The “Japanese people are aware of the activities of the Indian [relief and rehabilitation] team,” which was deployed on an aid mission in the quake-and-tsunami-hit Miyagi prefecture on March 28.
This was emphasised by a Japanese official, over the telephone from Tokyo, ahead of Foreign Secretary Nirupama Rao's talks with Japan's Vice-Foreign Minister Kenichiro Sasae and Deputy Foreign Minister Koro Bessho on Friday.
As agreed to by the two countries, the Indian team of 46 specialists from the National Disaster Management Authority was tasked to clear debris, render emergency medical assistance, distribute relief goods and carry out some repairs.
In a related comment, U.S. Assistant Secretary of State for East Asian and Pacific Affairs, Kurt Campbell, said in Singapore on Wednesday he was “struck by “the enthusiasm with which [America's] Indian friends are seeking to cooperate not just with the United States but other countries in the Asian Pacific region” such as Japan. Noting that Foreign Secretary Nirupama Rao was travelling to Tokyo now,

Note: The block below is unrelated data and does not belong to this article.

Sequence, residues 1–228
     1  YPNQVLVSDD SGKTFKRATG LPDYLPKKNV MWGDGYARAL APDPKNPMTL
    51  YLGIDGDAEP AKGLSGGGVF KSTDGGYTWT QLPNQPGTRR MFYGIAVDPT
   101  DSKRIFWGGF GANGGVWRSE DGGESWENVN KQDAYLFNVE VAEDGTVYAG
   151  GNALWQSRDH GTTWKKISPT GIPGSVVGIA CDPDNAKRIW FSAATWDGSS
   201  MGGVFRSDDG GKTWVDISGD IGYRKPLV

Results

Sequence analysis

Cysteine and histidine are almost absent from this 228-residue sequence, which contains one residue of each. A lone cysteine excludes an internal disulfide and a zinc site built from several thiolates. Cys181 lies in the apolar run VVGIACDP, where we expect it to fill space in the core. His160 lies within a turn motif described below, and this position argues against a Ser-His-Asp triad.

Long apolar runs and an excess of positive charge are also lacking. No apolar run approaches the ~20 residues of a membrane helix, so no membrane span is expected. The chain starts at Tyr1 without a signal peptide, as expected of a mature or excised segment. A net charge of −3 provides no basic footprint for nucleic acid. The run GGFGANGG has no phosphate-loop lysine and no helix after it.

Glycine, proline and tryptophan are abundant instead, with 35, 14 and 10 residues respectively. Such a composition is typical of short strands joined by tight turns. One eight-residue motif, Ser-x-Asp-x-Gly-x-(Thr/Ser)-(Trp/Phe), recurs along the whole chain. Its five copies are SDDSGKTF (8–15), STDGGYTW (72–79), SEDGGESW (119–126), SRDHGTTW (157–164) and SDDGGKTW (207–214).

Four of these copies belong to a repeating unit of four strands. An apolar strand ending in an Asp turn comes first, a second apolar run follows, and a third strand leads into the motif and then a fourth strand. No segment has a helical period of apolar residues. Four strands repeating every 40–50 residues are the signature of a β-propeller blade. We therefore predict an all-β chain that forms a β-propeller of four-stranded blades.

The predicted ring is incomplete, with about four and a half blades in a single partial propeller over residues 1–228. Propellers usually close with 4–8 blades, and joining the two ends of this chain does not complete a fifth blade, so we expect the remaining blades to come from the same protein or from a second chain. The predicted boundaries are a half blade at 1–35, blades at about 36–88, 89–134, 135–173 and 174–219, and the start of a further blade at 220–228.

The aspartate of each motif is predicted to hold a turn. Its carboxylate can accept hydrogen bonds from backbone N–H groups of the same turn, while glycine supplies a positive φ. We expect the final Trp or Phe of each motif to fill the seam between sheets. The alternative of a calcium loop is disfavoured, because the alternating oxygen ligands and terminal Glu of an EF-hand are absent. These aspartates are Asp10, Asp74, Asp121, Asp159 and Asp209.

Mr. Campbell, who was here on his way to China from India, said: “I primarily interacted with my colleagues in the [Indian] Foreign Ministry about a range of shared initiatives and engagements in the Asia Pacific region. We talked a lot about specific ideas: areas where we can increase our collaboration.”
On the latest U.S.-India naval exercise in the ‘Malabar' series, not far from the Japanese waters, Mr. Campbell said:
“We all understood why Japan was unable to participate, given the pressing challenges that [Tokyo's] Self Defence Forces are involved in, with the earthquake and the nuclear operations.”